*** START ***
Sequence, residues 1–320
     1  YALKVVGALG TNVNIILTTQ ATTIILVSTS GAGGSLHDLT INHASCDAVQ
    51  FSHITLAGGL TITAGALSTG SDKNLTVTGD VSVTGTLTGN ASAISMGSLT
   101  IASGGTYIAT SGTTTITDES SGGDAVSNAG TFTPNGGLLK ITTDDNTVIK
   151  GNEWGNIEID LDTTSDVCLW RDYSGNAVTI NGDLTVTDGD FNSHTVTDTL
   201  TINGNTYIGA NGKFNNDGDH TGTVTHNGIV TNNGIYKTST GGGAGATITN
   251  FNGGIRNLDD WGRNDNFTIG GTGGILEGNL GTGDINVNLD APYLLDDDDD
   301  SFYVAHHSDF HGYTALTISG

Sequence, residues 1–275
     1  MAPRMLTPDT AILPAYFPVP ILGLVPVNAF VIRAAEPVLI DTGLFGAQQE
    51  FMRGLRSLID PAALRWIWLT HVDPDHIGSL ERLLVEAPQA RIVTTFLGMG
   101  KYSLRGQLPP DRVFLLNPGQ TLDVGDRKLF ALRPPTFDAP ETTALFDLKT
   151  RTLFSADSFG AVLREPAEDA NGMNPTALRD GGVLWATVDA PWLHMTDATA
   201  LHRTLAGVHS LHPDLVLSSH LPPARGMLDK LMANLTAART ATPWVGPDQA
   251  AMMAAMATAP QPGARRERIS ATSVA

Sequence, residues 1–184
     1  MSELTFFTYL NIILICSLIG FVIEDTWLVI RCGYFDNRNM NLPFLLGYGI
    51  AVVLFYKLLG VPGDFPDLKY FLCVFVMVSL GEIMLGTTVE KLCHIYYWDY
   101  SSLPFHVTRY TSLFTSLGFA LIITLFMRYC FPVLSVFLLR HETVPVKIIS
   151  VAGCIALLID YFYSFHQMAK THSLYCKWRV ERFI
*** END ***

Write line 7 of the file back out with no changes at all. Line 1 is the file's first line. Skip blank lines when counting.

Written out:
   251  FNGGIRNLDD WGRNDNFTIG GTGGILEGNL GTGDINVNLD APYLLDDDDD